A former chef of a Russian restaurant chain who was arrested in 2020 in a high-speed chase is a suspected spy, according to a five-year investigation by US investigative TV program 60 Minutes, German magazine Der Spiegel, and The Insider.

At the time of Vitalii Kovalev’s arrest, “police discovered bank account notes, a device used to erase a car’s computer data, and a Russian passport,” The Washington magazine wrote on April 1.

A Federal Bureau of Investigation (FBI) agent who was investigating Kovalev had suffered mysterious brain injuries during her probe of Kovalev.

Kovalev had been the executive chef of Mari Vanna in Washington before being arrested in 2020. Bulgarian investigative journalist Christo Grozev discovered that Kovalev had studied radio electronics at a military institute in Russia before he became a chef in the US.


“He had all the technology know-how that would be required for somebody to be assisting an operation that requires high technology,” Grozev told 60 Minutes.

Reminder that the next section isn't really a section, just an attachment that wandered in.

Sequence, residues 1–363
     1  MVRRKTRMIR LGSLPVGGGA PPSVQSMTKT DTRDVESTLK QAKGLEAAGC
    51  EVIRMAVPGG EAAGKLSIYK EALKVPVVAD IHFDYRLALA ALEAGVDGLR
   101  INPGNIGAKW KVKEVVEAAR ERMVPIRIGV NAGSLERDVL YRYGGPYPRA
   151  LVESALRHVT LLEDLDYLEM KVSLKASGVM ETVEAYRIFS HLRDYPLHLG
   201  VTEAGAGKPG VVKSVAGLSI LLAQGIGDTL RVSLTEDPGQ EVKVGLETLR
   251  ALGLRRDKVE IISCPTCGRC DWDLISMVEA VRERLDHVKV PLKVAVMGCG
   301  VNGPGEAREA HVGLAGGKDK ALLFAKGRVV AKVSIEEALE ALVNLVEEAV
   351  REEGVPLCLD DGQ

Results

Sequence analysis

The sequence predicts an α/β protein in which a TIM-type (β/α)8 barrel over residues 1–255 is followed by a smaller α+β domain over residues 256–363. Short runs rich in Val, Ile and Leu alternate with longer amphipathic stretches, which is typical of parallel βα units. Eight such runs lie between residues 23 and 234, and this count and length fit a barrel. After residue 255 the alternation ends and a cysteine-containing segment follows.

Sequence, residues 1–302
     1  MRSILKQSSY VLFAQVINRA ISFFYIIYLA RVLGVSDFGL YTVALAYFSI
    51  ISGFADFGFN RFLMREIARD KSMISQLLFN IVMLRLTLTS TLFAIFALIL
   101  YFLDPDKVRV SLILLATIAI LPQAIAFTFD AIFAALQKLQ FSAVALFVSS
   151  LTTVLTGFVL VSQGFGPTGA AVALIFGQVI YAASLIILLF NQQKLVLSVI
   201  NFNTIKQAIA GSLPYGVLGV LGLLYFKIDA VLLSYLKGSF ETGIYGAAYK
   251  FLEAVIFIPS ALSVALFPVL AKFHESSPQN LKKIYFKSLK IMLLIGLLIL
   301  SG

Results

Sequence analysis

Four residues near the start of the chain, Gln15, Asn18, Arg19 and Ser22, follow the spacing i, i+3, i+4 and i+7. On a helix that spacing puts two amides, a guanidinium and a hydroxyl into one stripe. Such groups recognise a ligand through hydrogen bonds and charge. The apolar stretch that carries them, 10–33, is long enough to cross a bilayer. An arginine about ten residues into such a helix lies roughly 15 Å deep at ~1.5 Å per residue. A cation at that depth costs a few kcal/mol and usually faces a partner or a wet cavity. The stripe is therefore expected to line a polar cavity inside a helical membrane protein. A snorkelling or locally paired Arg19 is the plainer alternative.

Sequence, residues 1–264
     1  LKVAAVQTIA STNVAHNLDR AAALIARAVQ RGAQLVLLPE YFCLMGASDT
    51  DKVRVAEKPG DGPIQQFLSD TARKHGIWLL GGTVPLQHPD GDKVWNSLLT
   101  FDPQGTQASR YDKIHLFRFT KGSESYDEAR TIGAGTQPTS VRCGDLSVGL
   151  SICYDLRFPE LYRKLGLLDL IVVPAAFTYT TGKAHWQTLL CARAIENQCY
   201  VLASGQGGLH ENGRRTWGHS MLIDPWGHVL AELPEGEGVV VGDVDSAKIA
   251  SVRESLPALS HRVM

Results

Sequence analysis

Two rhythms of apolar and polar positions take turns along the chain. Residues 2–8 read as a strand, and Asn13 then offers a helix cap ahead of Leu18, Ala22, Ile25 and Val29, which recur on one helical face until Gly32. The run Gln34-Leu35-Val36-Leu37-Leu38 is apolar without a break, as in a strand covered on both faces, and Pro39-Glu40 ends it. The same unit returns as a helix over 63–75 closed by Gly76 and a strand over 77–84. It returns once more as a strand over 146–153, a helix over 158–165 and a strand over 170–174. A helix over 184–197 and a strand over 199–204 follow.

The alleged spy became a chef of the DC location of the restaurant in 2013 when it opened its doors. It also has a venue in Moscow and one that still operates in Manhattan, New York, the Kyiv Post learned. Its locations in Miami and Los Angeles are permanently closed.

Kovalev spent 30 months in jail for evading police in a high-speed car chase in Florida and then returned to Russia in 2022 upon his release, Grozev said, adding that documents have come to light that Kovalev had been sent to fight in Ukraine after his return, where he died in February 2023.

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The so-called Havana Syndrome investigation, of which the journalist was a part, concluded that an elite assassination unit of Russia’s defense intelligence was behind the neurological attacks, some of which caused severe brain damage to US government officials.

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